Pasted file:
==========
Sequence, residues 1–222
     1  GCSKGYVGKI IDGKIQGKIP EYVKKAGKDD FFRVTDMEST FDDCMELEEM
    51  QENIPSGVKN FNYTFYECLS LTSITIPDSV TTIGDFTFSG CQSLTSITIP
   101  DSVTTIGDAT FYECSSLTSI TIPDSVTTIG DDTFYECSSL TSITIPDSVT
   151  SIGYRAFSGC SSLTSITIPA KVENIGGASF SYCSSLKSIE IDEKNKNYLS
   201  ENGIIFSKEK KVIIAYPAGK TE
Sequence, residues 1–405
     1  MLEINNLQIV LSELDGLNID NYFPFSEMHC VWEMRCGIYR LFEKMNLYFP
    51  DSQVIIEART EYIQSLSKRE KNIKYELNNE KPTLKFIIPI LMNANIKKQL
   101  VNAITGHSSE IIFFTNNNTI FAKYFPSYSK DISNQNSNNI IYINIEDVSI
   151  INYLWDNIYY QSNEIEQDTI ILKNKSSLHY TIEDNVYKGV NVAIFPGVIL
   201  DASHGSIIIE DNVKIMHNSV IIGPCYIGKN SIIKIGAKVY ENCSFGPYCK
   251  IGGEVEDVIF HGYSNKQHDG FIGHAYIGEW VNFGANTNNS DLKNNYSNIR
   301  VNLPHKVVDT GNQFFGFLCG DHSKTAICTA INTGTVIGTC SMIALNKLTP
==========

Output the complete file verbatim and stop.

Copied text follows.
Sequence, residues 1–222
     1  GCSKGYVGKI IDGKIQGKIP EYVKKAGKDD FFRVTDMEST FDDCMELEEM
    51  QENIPSGVKN FNYTFYECLS LTSITIPDSV TTIGDFTFSG CQSLTSITIP
   101  DSVTTIGDAT FYECSSLTSI TIPDSVTTIG DDTFYECSSL TSITIPDSVT
   151  SIGYRAFSGC SSLTSITIPA KVENIGGASF SYCSSLKSIE IDEKNKNYLS
   201  ENGIIFSKEK KVIIAYPAGK TE
Sequence, residues 1–405
     1  MLEINNLQIV LSELDGLNID NYFPFSEMHC VWEMRCGIYR LFEKMNLYFP
    51  DSQVIIEART EYIQSLSKRE KNIKYELNNE KPTLKFIIPI LMNANIKKQL
   101  VNAITGHSSE IIFFTNNNTI FAKYFPSYSK DISNQNSNNI IYINIEDVSI
   151  INYLWDNIYY QSNEIEQDTI ILKNKSSLHY TIEDNVYKGV NVAIFPGVIL
   201  DASHGSIIIE DNVKIMHNSV IIGPCYIGKN SIIKIGAKVY ENCSFGPYCK
   251  IGGEVEDVIF HGYSNKQHDG FIGHAYIGEW VNFGANTNNS DLKNNYSNIR
   301  VNLPHKVVDT GNQFFGFLCG DHSKTAICTA INTGTVIGTC SMIALNKLTP